And in a way, they’d be right:  While a part of me is constantly improving my practice because I know that improving my practice means improving the lives of my students, I’m ashamed to admit that I’m also constantly improving my practice because I’m hoping that someone will see me as an expert and hire me as a consultant so that I can cover next month’s day care bill for my four-year old daughter.

Long story short:  Teaching is a grind.  

On a good day, the grind feels like a noble sacrifice because I know that my work has made a difference for the kids in my class and the families in my community.  On a bad day, the grind feels like professional masochism.  I guess that’s the uncomfortable truth for those of us who have chosen a career that has always been undervalued and — more recently — been unappreciated.

The question is how long can I keep on grinding?


Related Radical Reads:

 The Straw

Saying Goodbye to Maria

A Profession That Doesn’t Give Back


11 thoughts on “Teaching is a Grind.

  1. Pingback: How Are YOU Planning on Celebrating Teacher Appreciation Week? | The Tempered Radical

  2. Jenna Shaw

    Thank you for sharing a glimpse into our lives as teachers. Though our details may be different colors, the picture is the same for so many of us. At a very heart level, I ask myself the same questions, have the same worries, and wonder where that breaking point is and when it will arrive. Until then, let’s take a minute to appreciate each other, our fellows in this journey, as we grind side-by-side. Thank you for all you do Bill. It does not go unnoticed.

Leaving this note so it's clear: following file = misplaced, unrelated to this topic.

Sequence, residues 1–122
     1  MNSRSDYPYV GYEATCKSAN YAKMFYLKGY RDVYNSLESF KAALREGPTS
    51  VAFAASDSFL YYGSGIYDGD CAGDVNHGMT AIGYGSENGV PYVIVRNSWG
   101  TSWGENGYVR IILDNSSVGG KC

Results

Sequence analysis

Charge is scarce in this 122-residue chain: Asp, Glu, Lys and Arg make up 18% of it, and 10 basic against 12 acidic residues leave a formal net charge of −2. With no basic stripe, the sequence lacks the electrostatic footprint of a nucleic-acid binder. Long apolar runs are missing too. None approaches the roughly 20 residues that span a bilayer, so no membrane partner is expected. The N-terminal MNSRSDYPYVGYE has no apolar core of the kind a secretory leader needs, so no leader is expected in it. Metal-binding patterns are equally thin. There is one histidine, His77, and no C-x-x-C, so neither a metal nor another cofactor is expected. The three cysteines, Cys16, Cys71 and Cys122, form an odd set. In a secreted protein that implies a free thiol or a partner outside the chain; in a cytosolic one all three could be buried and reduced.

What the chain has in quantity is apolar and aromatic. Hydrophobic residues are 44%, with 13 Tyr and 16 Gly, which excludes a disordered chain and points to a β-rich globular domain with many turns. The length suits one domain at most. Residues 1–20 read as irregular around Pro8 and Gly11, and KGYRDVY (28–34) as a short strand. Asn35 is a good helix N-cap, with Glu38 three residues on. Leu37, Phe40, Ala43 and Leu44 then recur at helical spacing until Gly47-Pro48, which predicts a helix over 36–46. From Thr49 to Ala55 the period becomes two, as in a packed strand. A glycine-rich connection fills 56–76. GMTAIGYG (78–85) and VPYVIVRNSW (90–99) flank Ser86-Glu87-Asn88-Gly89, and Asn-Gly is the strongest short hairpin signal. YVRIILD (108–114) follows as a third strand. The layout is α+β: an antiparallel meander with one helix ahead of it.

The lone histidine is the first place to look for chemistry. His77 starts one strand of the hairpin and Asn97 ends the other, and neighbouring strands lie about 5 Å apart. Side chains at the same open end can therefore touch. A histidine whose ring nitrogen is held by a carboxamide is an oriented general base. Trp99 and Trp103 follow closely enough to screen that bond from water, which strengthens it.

1. Bill Ferriter Post author

      Thanks for the kind words, Jenna…

      What’s truly unfortunate is that legislators believe we are disposable. That means they don’t really care that we are grinding — and they don’t really care that we walk away when the grind gets to be too much. Instead, they just look for another warm body to throw in our place — and craft policies to make recruiting warm bodies easier.

      That worries me because it makes me believe that there’s not much of a chance that we’ll see meaningful change anytime soon.

      Anyway — hope you’re well. Really dig that we crossed paths and hope to keep learning from you for a long while to come.


  3. MacKenzie Yancey

    It’s not everyday that you get to read the gods honest true from a teacher who is actually going through as what you call “the grind”. As a student in the process of becoming a teacher I have to admit that what you had to say was a little nerve racking. I consider myself somewhat of a realist and am aware that teachers are not paid well. I am also aware that they are unappreciated. Despite all of this, I can tell by the way you talk about your students that “the grind” is worth it. I appreciate such a truthful response to Teacher Appreciation Week.

    1. Bill Ferriter Post author

      Hey MacKenzie,

      As a preservice teacher, I DO think it’s important that you recognize that teaching is a grind. While there are moments of great joy in almost every day for me, there are also moments of great worry and frustration and exhaustion. That’s a national shame — we should be embarrassed that teachers are forced to work multiple part time jobs to pay their bills — but it’s also a national truth.